Dell XPS 13 (9310) 2-in-1 Laptop review 2

Dells’ XPS 13 is a 13-inch laptop that’s good at being a laptop, but struggles as a tablet.

It has an 11th Gen Intel processor that can easily handle having several Chrome tabs open, it’s small and lightweight, it’s great for typing, and it has a responsive touchscreen. But that’s about it.

Nothing is surprising or memorable about this laptop. Since the beginning of the year, Microsoft-based laptops have needed to up their game in order to compete with the dominant M1 MacBook Pro’s. 

Sadly, Dell’s XPS 13 struggles to compete with the similarly priced 13-inch Apple laptop.


  • Sleek, strong design
  • InfinityEdge Display
  • Great battery
  • 16:10 ratio display


  • Not great as a tablet
  • Unremarkable screen
  • No USB-A port

Price & Configurations

The XPS 13 comes with an 11th Generation Intel Core i7-1165G7 processor, 16GB of RAM, a 512 GB SSD, and an Intel Iris Xe graphics card.

The only configuration choice you have is the display. The XPS 13 with an FHD+, 1920 x 1200 screen costs $2,369, while the UHD+, 3840 x 2400 version costs $3,999.

To put this into perspective, Apple’s 13-inch MacBook Pro costs $2,199 with an M1 chip and $3,099 with the 2.0GHz Intel Core i5 Quad-Core Processor.

For our review, we were given the FHD+, 1920 x 1200 version.

Dell XPS 13 (9310) 2-in-1 Laptop review 1


The XPS 13 is small and light, measuring only 14.35 x 297 x 207mm and weighing just 1.32kg. It’s compact and easy to transport.

The aluminium materials used in the exterior of this laptop make it strong and sturdy. The double anodized edges are polished, and it gives the XPS 13 a premium, classy look. 

The interior is made from carbon fibre, and the screen is made out of the latest Corning Gorilla Glass 6. There aren’t any weaknesses in the XPS 13. It’s strong, very strong.

You can select from one of two colour schemes, the frosted exterior with a white interior option or the platinum silver exterior with a black interior option. Both of these look good and add to the classy aesthetic.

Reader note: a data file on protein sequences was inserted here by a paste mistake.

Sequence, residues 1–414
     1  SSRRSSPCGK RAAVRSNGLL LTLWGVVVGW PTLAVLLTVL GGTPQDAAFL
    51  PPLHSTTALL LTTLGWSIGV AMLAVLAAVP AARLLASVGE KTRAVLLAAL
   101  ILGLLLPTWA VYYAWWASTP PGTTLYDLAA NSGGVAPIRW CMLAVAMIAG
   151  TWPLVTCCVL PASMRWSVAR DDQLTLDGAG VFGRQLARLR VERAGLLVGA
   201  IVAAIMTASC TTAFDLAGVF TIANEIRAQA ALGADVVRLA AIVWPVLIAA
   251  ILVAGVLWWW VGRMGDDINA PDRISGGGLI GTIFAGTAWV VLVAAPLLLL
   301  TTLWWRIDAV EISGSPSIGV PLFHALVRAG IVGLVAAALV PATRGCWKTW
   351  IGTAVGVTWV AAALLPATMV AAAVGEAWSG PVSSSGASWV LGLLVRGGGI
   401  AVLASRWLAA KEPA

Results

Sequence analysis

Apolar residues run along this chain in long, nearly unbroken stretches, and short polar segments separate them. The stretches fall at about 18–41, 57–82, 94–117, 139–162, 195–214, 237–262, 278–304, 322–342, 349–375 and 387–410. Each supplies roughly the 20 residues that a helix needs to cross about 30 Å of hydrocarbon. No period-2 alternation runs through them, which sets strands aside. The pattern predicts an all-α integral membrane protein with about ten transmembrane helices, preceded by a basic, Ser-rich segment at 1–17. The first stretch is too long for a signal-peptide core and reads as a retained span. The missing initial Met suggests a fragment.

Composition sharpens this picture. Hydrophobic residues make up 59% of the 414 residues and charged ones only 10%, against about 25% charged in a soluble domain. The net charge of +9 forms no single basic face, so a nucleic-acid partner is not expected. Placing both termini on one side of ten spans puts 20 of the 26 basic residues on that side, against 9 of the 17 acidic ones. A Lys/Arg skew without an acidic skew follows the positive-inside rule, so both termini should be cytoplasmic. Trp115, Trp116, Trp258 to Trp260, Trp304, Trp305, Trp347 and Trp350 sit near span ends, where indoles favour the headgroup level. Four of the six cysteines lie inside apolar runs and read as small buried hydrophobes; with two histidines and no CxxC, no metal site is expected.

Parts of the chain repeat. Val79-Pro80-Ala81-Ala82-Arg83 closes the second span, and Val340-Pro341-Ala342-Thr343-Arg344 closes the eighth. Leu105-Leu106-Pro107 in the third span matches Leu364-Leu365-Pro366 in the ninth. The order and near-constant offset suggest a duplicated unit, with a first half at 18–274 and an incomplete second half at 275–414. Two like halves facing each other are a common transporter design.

The keyboard is well laid out and spacious. It’s comfortable to use, and the keys are responsive. It doesn’t have a Numpad, but that’s to be expected in a 13-inch laptop.

The trackpad also works as it should. It’s large and responsive. It works well.

The XPS 13 comes with 2x Thunderbolt 4 ports with power delivery and display, a headphone jack and a MicroSD card slot. It’s disappointing there isn’t at least one USB-A port, but Dell has included a USB-C to USB-A adapter in the box, which is a nice touch.

This is a 2-in1 device, and the screen can flip around, making the XPS 13 a tablet. It has two strong hinges that are rigid and prevent the screen from moving unintentionally. However, I didn’t enjoy using the XPS 13 as a tablet. In its tablet form, it’s thick and uncomfortable to hold. I also had no real reasons to use it in this configuration. It’s small enough as a laptop. With that said, it has a responsive touch screen that was effective and easy to use.


The display on our review copy of the XPS 13 was relatively unremarkable.

It’s an FHD+, 1920 x 1200, 60Hz screen. It’s average.

I did enjoy the size of the screen. It’s a 4-sided InfinityEdge display that allows for a 16:10 aspect ratio and a 91.5% screen to body ratio. For a small laptop, the display feels large, and that’s great.